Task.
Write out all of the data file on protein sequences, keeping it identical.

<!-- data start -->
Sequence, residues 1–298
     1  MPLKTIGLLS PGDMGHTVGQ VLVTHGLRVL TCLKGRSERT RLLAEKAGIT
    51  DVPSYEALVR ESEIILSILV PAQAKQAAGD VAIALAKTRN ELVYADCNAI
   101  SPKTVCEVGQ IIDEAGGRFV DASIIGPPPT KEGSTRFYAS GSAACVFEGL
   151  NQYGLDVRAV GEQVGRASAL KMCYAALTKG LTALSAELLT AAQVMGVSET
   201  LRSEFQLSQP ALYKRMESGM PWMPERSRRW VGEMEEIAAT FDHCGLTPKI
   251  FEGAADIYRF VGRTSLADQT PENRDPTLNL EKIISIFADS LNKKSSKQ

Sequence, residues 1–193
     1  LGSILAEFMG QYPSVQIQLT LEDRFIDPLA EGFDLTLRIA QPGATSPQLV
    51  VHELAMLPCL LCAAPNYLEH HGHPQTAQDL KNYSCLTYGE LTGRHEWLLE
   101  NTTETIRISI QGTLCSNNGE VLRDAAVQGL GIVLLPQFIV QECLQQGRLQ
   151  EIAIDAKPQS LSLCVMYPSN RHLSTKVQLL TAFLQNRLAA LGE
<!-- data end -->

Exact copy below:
Sequence, residues 1–298
     1  MPLKTIGLLS PGDMGHTVGQ VLVTHGLRVL TCLKGRSERT RLLAEKAGIT
    51  DVPSYEALVR ESEIILSILV PAQAKQAAGD VAIALAKTRN ELVYADCNAI
   101  SPKTVCEVGQ IIDEAGGRFV DASIIGPPPT KEGSTRFYAS GSAACVFEGL
   151  NQYGLDVRAV GEQVGRASAL KMCYAALTKG LTALSAELLT AAQVMGVSET
   201  LRSEFQLSQP ALYKRMESGM PWMPERSRRW VGEMEEIAAT FDHCGLTPKI
   251  FEGAADIYRF VGRTSLADQT PENRDPTLNL EKIISIFADS LNKKSSKQ

Sequence, residues 1–193
     1  LGSILAEFMG QYPSVQIQLT LEDRFIDPLA EGFDLTLRIA QPGATSPQLV
    51  VHELAMLPCL LCAAPNYLEH HGHPQTAQDL KNYSCLTYGE LTGRHEWLLE
   101  NTTETIRISI QGTLCSNNGE VLRDAAVQGL GIVLLPQFIV QECLQQGRLQ
   151  EIAIDAKPQS LSLCVMYPSN RHLSTKVQLL TAFLQNRLAA LGE